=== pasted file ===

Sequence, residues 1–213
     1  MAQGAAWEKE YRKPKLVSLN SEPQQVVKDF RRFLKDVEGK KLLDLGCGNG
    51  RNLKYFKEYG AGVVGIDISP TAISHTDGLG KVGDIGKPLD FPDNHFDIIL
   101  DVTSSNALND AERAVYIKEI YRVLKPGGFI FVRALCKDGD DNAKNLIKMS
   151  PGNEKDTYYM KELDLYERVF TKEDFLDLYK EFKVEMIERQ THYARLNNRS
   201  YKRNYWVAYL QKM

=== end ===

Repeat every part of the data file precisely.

Sequence, residues 1–213
     1  MAQGAAWEKE YRKPKLVSLN SEPQQVVKDF RRFLKDVEGK KLLDLGCGNG
    51  RNLKYFKEYG AGVVGIDISP TAISHTDGLG KVGDIGKPLD FPDNHFDIIL
   101  DVTSSNALND AERAVYIKEI YRVLKPGGFI FVRALCKDGD DNAKNLIKMS
   151  PGNEKDTYYM KELDLYERVF TKEDFLDLYK EFKVEMIERQ THYARLNNRS
   201  YKRNYWVAYL QKM